21

How to get 'System.Type' of the module?

For example module:

module Foo =
     let bar = 1

And this does not work:

printfn "%s" typeof<Foo>.Name

Error is:

The type 'Foo' is not defined
  • 1
    Being inquisitive here. Why would you need to do this? You know the name of the module, Foo, and I don't think F# has the ability to pass modules as value. Thanks. – nlucaroni Feb 19 '10 at 15:16
  • The need is simple, I need some automation. I can do this with reflection. PowerPack.Metadata allows to iterate through modules, but may be there is something more easy. – Mike Chaliy Feb 19 '10 at 15:22
  • I need to do this also for an strongly typed API to a library I'm writing. – justin Feb 19 '10 at 16:10
  • Cross reference: related question – Benjol Feb 5 '13 at 12:45
8

It would certainly be nice to have a moduleof operator... Since there's not one, the easiest way to do what you want is probably to use the Metadata library in the F# PowerPack:

#r "FSharp.PowerPack.Metadata.dll" 
open Microsoft.FSharp.Metadata

// get .NET assembly by filename or other means
let asm = ...

let fasm = FSharpAssembly.FromAssembly asm
let t = fasm.GetEntity("Foo").ReflectionType

Unfortunately, this won't work with dynamic assemblies (such as those generated via F# Interactive). You can do something similar using vanilla System.Reflection calls, but that's more dependent on having a good understanding of the compiled form that your module takes.

| improve this answer | |
  • Main problem is that 'FSharpAssembly.FromAssembly asm' loads all types. Also reduce type safety. – Mike Chaliy Feb 19 '10 at 15:26
  • @Mike - I'm not sure what you mean by "reduce type safety"... There is no way to use a module as a generic type parameter, so you will have to use a string. This is unfortunate, but unavoidable. – kvb Feb 19 '10 at 17:46
  • 5
    does this still require a power pack to do or is there a better way 5 years later? – Maslow Nov 13 '15 at 16:31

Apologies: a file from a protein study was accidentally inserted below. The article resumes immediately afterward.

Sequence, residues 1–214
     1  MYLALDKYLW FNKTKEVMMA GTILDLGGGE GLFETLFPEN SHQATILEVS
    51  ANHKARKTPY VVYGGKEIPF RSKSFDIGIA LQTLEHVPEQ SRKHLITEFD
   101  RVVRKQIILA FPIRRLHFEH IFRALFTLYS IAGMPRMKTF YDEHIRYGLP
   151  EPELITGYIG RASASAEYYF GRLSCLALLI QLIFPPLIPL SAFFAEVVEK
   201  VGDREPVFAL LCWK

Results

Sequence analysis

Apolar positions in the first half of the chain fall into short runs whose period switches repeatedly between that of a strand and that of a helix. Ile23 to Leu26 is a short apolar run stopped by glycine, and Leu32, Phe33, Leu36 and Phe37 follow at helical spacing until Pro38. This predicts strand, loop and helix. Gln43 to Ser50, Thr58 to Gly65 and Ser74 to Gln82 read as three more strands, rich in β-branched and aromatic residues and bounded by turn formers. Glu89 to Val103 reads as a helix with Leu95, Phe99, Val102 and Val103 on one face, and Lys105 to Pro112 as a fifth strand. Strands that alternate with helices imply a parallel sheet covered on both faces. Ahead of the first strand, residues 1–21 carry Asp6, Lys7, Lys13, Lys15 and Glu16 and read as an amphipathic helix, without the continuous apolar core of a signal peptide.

33

You could add a marker type to the module and then discover the module's type from that:

module Foo =  
    type internal Marker = interface end
    let t = typeof<Marker>.DeclaringType
| improve this answer | |
5

It can also be done using Quotations. First, define this helper function somewhere:

open Microsoft.FSharp.Quotations.Patterns

let getModuleType = function
| PropertyGet (_, propertyInfo, _) -> propertyInfo.DeclaringType
| _ -> failwith "Expression is no property."

Then, you can define a module and get its type like this:

module SomeName =
    let rec private moduleType = getModuleType <@ moduleType @>

Hope this helps.

| improve this answer | |
  • It does for me, although I modified the second part to: module SomeName = let rec moduleType = getModuleType <@ moduleType @>;;, then SomeName.moduleType;; should output the type information. – Nikon the Third Feb 23 '16 at 17:29
-1

module name is not a type.

List in List.map and let (a:List<int>) = [1;2;3] are different.

The first List is a module name, the second is a type.

| improve this answer | |
  • 6
    I am concerned about 'FSharpType.IsModule(System.Type)', so module IS type, at least in CLR terms. – Mike Chaliy Feb 19 '10 at 15:24
  • 1
    The name of the static class (type) that the List module is compiled to is probably ListModule. – J D May 12 '16 at 23:18

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